PESHAWAR: Ranjeet Singh is the first minority lawmaker belonging to the Sikh community in Khyber Pakhtunkhwa to be elected MPA on the ticket of the Jamiat Ulema-e-Islam-Fazl (JUI-F) and Muttahida Majlis-e-Amal (MMA).
The other two newly elected non-Muslim MPAs are Ravi Kumar, a Hindu, and Wazirzada hailing from the Kalash community in Chitral. Both are affiliated to the Pakistan Tehreek-e-Insaf (PTI).
The three lawmakers represent the minorities in the 124-member Khyber Pakhtunkhwa Assembly. From their appearance they looked different from their Muslim colleagues at the recent maiden session of the provincial assembly as they were attired in their cultural and religious costumes.
Wearing the Sikh turban, Ranjeet Singh said he was the first Sikh elected on JUI-F quota to the provincial assembly. Ranjeet Singh, who is the father of three children, is a cloth merchant in Kohat city and had been associated with the JUI-F for 10 years.
“I am indebted to Maulana Fazlur Rehman for putting me ahead of all other candidates in MMA’s list for minorities,” he said. He added that he wanted to build Shamshan Ghat for Hindu and Sikh communities as there was no separate place for performing last rituals of the Hindus and Sikhs.
Wazirzada, 34, is the first person from Kalash community who made it to the Khyber Pakhtunkhwa Assembly.He did his masters in Political Science from the University of Peshawar in 2010.
“We have a small community living in the three Kalash valleys of Chitral since long, but our religion and culture are yet to be recognised in Pakistan,” he said. He pointed out that the Kalash community had no separate column in the census form.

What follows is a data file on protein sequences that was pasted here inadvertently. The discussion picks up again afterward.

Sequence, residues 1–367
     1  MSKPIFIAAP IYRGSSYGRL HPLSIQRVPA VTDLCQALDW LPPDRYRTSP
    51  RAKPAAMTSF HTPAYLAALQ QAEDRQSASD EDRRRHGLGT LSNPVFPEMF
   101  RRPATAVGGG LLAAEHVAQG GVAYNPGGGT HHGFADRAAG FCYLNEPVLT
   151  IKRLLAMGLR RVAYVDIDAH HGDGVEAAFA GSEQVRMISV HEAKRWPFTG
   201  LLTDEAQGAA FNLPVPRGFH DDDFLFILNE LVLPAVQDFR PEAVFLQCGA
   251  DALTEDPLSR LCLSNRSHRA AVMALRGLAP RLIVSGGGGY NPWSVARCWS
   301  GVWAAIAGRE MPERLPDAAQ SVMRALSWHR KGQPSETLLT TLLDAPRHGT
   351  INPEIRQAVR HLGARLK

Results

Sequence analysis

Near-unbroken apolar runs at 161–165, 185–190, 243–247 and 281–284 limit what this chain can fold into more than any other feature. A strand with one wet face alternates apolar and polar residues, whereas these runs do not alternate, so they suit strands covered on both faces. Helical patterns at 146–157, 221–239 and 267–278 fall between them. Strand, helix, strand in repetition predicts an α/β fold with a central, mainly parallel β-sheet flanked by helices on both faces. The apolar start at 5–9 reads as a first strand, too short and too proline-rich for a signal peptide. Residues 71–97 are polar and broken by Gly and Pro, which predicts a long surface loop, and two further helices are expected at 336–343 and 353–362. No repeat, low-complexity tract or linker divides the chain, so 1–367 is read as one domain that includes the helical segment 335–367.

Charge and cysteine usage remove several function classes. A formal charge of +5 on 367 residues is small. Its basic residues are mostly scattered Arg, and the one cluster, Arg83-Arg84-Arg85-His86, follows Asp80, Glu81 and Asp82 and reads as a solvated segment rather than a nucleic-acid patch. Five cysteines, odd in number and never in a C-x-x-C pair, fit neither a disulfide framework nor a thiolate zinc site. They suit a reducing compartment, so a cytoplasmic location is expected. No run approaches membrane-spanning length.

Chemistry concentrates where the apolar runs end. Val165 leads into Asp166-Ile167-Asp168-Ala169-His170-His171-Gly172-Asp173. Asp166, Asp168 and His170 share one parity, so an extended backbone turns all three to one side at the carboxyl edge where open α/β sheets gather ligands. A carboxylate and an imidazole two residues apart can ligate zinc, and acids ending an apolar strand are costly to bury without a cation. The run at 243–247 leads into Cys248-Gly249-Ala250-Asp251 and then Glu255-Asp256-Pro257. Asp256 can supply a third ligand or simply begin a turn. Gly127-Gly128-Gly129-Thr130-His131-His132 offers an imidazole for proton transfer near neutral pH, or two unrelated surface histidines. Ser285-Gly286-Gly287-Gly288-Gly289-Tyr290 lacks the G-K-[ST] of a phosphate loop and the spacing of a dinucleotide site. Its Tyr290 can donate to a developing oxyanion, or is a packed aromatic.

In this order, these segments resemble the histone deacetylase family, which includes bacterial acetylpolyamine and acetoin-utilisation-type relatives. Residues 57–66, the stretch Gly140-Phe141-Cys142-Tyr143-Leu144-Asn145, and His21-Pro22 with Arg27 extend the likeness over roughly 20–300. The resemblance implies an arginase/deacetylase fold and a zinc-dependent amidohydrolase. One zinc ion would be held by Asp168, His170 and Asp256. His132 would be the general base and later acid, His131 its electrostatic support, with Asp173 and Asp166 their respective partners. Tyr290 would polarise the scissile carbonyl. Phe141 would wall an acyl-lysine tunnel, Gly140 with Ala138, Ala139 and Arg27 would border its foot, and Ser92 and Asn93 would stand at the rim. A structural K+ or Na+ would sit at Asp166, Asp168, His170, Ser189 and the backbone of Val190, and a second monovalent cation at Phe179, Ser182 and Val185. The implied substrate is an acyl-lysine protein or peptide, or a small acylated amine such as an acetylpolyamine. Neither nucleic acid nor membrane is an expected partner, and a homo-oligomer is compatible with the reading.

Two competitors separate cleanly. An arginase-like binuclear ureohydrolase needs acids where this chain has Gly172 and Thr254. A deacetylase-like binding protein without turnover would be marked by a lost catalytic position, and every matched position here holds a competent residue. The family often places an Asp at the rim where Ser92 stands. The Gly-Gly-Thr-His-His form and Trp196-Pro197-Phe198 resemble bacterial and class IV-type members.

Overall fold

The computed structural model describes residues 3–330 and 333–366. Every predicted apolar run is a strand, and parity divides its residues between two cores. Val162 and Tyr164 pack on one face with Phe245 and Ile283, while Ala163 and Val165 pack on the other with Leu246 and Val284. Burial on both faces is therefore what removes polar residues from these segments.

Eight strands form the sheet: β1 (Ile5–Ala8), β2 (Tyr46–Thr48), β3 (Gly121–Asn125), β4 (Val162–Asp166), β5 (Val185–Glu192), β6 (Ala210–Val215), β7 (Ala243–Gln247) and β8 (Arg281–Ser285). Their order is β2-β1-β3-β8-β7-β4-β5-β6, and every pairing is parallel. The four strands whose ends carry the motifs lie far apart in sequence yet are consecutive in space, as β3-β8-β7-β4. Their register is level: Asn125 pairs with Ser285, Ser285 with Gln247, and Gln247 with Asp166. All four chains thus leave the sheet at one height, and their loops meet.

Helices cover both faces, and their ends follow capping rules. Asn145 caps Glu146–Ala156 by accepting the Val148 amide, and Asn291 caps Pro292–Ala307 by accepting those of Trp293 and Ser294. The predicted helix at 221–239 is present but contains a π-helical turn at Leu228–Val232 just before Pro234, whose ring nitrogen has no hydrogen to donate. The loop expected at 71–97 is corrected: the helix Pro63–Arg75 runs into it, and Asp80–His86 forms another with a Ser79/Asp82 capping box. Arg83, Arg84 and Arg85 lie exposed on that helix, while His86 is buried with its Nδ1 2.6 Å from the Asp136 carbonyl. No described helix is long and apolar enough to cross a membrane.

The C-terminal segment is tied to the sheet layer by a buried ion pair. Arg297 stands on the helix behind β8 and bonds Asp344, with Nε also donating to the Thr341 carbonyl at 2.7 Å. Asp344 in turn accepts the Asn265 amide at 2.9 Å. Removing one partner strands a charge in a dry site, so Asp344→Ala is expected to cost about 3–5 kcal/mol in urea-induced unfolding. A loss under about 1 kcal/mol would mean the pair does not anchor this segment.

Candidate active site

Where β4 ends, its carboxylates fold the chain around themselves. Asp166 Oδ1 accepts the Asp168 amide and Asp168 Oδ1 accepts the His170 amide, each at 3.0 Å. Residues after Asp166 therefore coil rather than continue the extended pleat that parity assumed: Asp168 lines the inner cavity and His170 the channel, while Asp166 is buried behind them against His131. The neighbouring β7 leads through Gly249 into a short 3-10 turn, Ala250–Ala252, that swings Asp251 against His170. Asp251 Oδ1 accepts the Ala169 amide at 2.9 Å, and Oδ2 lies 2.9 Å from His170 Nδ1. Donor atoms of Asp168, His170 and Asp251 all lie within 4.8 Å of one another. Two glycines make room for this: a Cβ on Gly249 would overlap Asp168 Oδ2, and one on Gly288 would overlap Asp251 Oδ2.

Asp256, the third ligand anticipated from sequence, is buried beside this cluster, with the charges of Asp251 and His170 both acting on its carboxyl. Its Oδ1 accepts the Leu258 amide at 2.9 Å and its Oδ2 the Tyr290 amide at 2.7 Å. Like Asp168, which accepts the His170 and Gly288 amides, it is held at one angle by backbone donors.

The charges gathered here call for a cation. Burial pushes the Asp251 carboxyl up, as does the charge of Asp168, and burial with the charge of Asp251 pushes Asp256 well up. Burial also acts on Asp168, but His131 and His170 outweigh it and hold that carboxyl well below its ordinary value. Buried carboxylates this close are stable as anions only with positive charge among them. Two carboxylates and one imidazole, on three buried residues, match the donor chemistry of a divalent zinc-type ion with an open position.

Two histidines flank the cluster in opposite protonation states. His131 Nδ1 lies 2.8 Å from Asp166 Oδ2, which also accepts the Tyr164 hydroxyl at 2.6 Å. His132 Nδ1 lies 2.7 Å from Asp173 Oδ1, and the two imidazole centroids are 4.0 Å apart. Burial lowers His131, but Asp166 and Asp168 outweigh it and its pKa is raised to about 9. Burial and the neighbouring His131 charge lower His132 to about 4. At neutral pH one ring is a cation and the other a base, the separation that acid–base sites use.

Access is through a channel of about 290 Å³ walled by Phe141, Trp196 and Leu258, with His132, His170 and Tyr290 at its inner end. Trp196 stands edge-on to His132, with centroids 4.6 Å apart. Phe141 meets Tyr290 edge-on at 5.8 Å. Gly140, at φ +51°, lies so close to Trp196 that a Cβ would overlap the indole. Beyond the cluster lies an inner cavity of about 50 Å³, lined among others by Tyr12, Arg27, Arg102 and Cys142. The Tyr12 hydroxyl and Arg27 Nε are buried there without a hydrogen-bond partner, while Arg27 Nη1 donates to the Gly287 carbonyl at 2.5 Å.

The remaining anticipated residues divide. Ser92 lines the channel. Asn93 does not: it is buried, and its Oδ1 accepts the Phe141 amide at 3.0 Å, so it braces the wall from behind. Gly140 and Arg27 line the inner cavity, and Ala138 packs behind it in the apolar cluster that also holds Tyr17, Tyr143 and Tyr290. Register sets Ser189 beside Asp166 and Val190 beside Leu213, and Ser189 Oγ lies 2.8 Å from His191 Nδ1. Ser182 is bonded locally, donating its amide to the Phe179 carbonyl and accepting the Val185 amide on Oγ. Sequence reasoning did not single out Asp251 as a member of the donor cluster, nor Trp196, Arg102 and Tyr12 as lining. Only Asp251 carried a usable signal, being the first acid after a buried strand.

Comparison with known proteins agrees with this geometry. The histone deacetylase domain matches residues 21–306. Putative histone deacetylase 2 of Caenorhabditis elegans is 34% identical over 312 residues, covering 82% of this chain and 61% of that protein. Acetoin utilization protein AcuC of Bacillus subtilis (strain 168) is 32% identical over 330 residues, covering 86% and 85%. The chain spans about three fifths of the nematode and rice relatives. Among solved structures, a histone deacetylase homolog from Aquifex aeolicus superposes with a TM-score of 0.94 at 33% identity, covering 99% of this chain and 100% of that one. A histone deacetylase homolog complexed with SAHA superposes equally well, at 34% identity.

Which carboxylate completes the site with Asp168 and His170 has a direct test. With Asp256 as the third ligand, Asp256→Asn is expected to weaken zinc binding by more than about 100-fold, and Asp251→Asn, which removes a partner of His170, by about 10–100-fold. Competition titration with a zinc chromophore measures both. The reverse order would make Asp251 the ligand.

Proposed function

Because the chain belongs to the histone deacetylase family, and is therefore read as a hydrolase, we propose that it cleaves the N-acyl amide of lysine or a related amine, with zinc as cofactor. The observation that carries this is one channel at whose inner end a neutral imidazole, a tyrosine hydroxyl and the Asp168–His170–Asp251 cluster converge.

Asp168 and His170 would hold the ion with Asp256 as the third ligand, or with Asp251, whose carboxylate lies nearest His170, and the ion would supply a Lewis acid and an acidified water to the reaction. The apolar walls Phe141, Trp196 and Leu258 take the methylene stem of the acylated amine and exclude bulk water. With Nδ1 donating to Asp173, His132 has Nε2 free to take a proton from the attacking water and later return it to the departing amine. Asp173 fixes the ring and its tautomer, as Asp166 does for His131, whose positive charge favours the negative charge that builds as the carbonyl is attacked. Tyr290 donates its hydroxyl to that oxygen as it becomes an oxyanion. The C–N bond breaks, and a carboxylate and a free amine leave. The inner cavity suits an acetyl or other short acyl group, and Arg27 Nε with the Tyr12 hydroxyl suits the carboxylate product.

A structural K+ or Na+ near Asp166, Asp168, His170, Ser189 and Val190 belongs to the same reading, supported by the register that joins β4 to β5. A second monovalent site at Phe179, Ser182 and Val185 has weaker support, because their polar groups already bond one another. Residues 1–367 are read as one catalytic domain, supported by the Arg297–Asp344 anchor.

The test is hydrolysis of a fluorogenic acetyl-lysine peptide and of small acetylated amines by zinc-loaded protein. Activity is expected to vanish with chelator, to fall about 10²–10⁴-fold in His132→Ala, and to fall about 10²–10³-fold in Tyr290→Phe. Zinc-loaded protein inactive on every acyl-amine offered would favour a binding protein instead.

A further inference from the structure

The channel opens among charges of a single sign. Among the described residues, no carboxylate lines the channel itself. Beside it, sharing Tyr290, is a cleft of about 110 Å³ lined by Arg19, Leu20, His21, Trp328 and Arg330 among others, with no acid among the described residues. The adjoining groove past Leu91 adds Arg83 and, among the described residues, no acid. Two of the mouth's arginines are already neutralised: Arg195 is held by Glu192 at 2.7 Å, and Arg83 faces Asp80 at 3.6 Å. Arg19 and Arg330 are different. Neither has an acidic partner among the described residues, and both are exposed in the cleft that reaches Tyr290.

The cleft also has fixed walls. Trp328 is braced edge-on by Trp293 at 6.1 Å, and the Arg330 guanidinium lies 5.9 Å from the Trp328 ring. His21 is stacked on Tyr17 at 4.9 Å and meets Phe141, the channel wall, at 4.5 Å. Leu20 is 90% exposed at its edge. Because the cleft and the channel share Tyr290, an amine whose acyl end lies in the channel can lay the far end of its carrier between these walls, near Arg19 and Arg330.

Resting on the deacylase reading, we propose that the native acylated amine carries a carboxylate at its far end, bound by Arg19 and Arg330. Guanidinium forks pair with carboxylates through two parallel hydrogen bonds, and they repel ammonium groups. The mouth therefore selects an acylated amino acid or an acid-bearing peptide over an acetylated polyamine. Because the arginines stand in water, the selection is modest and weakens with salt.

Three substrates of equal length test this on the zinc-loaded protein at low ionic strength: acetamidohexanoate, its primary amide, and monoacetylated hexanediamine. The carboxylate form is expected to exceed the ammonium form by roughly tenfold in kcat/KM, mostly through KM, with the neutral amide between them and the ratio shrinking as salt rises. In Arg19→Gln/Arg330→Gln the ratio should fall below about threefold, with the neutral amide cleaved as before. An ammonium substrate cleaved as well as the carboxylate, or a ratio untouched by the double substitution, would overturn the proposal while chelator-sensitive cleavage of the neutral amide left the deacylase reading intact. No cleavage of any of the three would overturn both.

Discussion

Before coming into politics, Wazirzada served his community as a social worker in different projects. He said the Kalash valleys of Bumburet, Rumbur and Birir lacked roads, schools and hospitals.
“We have a population of about 4,000 individuals. We are proud of our centuries-old culture and religion,” he maintained. Ravi Kumar belongs to a Hindu political family in Mardan. He had served as an advisor to the former chief minister for minorities’ rights.
His father Bahari Lal was associated with Pakistan People’s Party and Awami National Party and was elected twice to Khyber Pakhtunkhwa Assembly on the reserved seats for minorities.
“I joined politics of my own choice. I even left my studies at the Khyber Medical College in Peshawar after my father’s death in 2005 to do politics,” he said. “My father wanted me to become a politician,” he added.
He said his family joined the PTI before the 2013 general election. He pointed out that his name was on third place in his party’s priority list given to the Election Commission of Pakistan for minority seats in 2013, but he couldn’t become an MPA. This time, he added, he was elected band had got a chance to serve his people.
Ravi Kumar claimed that the previous PTI-led government in KP raised the minorities’ quota in government jobs from 0.5 percent to 3 percent and it had been considering increasing the quota for minority students in professional colleges of the province.